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Can The World’s Underbanked Leapfrog On To A New Blockchain Financial System?

Moeda is a new startup that allows investors to use the blockchain to support cooperatives in rural Brazil–in a different way than is possible in the current system.

Can The World’s Underbanked Leapfrog On To A New Blockchain Financial System?
[Image: marko/iStock]

While cryptocurrencies are rocking the whole world at the moment, you can make a case that the impact of the underlying technology–blockchain–may be felt more in emerging nations than developed ones. At least in the next year or so. In New York or Singapore, it’s easy to buy a toaster with a credit card. It’s simple for most people to get a loan. Your identity is known to government and relatively secure. Getting around doesn’t require a crypto version of Uber. We already have the conventional version of Uber.

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[Photo: courtesy Moeda]

That’s not the case in the poorest parts of Africa, Latin America, and South Asia, where people lack basic services in finance, energy, government, and much else, potentially opening the way for new technologies. The ability of decentralized ledgers to offer better record-keeping and personal identity management (to name two areas) may be true game-changers, according to development experts. Indeed, the promise of blockchain was in full evidence at the Davos World Economic Forum recently, according to multiple reports from that shindig.

Moeda is one small but representative example of how blockchains can enable development. It is a microfinance platform that links investors in relatively developed markets (for now, mostly in China) with cooperative businesses in rural Brazil.

Taynaah Reis [Photo: courtesy Moeda]
Taynaah Reis, who leads the startup, has spent her whole life around Brazil’s large community of cooperative farms and agricultural businesses. Through a governmental program called PRONAF, her father helped find credit for family farms as she was growing up in the late 1990s and 2000s. Now 29 years old, she says cooperatives currently have few options to borrow money. The best bank rates available are in the 120% range but could go higher if cooperatives have poor credit histories and have to resort to credit cards. Government grants are also on offer. But Reis says they tend to be ring-fenced with bureaucratic hassle and protocol.

“I grew up with the cooperative system and I saw how difficult it was to access finance,” Reis tells Fast Company. “My country is known for its cooperatives and I see [Moeda] as a way to fight for my country and contribute to something my father helped start.”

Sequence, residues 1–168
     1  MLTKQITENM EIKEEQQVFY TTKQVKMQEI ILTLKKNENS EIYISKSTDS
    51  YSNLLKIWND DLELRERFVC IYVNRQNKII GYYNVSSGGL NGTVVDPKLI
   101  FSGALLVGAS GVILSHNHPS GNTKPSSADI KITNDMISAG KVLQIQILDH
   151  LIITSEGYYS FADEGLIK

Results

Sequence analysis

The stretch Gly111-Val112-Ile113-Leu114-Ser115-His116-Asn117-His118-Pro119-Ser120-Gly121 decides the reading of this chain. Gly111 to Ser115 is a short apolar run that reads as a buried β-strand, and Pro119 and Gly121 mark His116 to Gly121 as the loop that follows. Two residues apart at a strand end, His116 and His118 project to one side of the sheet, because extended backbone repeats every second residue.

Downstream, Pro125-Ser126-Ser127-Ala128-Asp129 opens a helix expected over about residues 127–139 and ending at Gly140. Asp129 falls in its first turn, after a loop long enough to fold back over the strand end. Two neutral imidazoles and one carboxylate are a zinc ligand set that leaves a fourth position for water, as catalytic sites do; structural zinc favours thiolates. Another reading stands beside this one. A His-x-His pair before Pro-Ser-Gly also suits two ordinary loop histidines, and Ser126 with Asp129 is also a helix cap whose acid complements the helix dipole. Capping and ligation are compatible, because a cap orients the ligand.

Moeda is able to send money to Brazil through the genius of blockchain tokenization. Investors buy the startup’s cryptocurrency, known as MDA tokens, which they then allocate to businesses through an app. On the other end, several cooperative banks in Brazil agree to exchange the tokens for local currency. In such a way, Moeda (“coin” in Portuguese) is able to side-step exchange rate fees, regulation, and other obstacles normally in the way of impact investing over national borders.

Moeda raised about $20 million in a recent Initial Coin Offering (ICO). At Davos, it announced that it was investing the first $1.5 million in 18 cooperatives, including the Vale do Itajaí Family Farming Cooperative in Dona Emma, in South Brazil (it will get $520,000), and the Lebon Regis Family Farms Cooperative in the same part of the country ($205,000). Reis says the investment will go to buying machinery, like industrial-sized juicers, refrigerators, milking equipment, and cheese-makers, enabling cooperatives to ramp up production, serve more customers, and boost economic development. 

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Token investors, who number about 2,000 so far, are told to expect returns of 5%-10%, Moeda says. It plans to make sure the cooperatives pay back the money at that rate by offering them technical assistance, business advice, and by issuing pre-paid debit cards. The cards allow it monitor their spending from an account that holds the investment capital.

[Photo: courtesy Moeda]
“The main thing we offer the investors is transparency. A lot of people want to help and support humanitarian and sustainable projects, but it’s very hard to trust [a recipient] when you send your money abroad. It’s also very costly,” Reis says.

Moeda grew out of a blockchain-themed hackathon focused around the United Nations Sustainable Development Goals (the 2030 targets covering everything from ending poverty to curbing climate change). One team submitted a concept much like Moeda and Reis, who was organizing the event, decided to jump onboard. Reis’s cofounders include Isa Yu and Brad Chun, who birthed the original idea.

There are several other promising blockchain-platforms aimed at the under-banked, including Everex, in Singapore, and Humaniq, in London. The latter uses facial recognition software to identify customers and issues its own HMQ tokens as instruments for making payments. Meanwhile, blockchain technology also has a lot of potential to streamline international remittance and aid payments helping to cut transactions and strip out waste and corruption. In other words: blockchain may be best known as a transaction medium for bitcoin traders in New York and London, but its immediate impact may be felt much further afield.

About the author

Ben Schiller is a New York staff writer for Fast Company. Previously, he edited a European management magazine and was a reporter in San Francisco, Prague, and Brussels.

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